Cladistics

Since the 1970s, taxonomists have increasingly used cladis-tics in their attempts to determine natural relationships. Cladistics is a method of examining natural relationships among organisms, based on features shared by the organisms. The relationships are portrayed in straight line diagrams (evolutionary trees) called cladograms (Fig. 16.5).

In cladistics, the value or form of a feature is referred to as a character state. In a feature such as flower color, for example, the character could be flower color, and the state could be purple or red. After the specific chemical or other nature of a character is determined, hypotheses (assumptions) are made about which states are primitive (ancestral) and which are derived (have evolved from something else).

Obviously, the hypotheses need to be tested, and to test them, we often try to find additional characters that may support one hypothesis more than they support others. Those hypotheses that are not supported can be eliminated, and those that are supported can be subjected to further testing.

In trying to choose the best of several to many clado-grams, taxonomists use the principle of parsimony. Parsimony, as it applies to cladistics, is based on a principle of logic called Occam's razor, which states that "one should not make more assumptions than the minimum needed to explain anything." The best cladogram is usually interpreted as that which requires the fewest evolutionary changes in the taxa involved to arrive at the present situation.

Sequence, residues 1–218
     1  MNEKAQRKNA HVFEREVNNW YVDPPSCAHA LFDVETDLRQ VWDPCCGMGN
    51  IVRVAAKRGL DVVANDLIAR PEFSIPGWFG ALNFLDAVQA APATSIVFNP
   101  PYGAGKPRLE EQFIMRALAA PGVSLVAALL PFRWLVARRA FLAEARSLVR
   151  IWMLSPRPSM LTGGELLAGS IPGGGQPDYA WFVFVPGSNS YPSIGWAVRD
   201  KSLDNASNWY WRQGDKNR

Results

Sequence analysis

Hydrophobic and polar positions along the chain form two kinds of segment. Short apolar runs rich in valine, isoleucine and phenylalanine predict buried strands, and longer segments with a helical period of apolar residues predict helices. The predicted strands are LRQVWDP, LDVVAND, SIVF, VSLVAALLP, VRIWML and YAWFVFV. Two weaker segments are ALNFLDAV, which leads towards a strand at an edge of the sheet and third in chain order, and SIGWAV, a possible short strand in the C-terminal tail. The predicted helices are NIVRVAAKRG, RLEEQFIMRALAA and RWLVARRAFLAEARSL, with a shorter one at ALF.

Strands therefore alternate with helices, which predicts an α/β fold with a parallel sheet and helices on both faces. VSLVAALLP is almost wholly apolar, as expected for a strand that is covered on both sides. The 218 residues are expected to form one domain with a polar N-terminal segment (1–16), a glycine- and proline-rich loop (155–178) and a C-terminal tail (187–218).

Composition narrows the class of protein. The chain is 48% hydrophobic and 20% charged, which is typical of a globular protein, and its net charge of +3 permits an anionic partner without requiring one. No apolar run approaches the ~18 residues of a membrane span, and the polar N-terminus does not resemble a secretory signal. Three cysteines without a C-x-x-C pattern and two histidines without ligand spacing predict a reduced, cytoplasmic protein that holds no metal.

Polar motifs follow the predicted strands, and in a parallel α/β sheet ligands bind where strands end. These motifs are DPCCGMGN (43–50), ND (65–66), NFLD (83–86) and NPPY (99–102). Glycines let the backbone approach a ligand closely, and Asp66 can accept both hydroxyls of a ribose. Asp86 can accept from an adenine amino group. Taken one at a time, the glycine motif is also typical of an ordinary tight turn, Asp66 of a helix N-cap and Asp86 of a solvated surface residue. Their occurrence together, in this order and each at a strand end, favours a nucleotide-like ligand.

Cladistics has been used to infer evolutionary relationships among many different groups of organisms in all the kingdom survey chapters that follow in this book.

Species A

Species B

Species C

Species B

Branch representing the common ancestor of species A and B.

Branch representing the common ancestor of species A,B, and C.

Evolutionary Cladogram Palnts

Node representing a divergence between two lines of evolution (i.e., one line to species C and one line to the A-B species pair).

Figure 16.5 A simple cladogram showing relationships of three species derived from a common ancestor. The cladogram indicates that Species A and Species B are more closely related to each other than either is to Species C.

Branch representing the common ancestor of species A and B.

Branch representing the common ancestor of species A,B, and C.

Node representing a divergence between two lines of evolution (i.e., one line to species C and one line to the A-B species pair).

* Terminal branches representing the evolution of individual species after divergence from ancestors shared with other species.

Figure 16.5 A simple cladogram showing relationships of three species derived from a common ancestor. The cladogram indicates that Species A and Species B are more closely related to each other than either is to Species C.

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  • donnamira
    What is cladistics in plants?
    8 years ago

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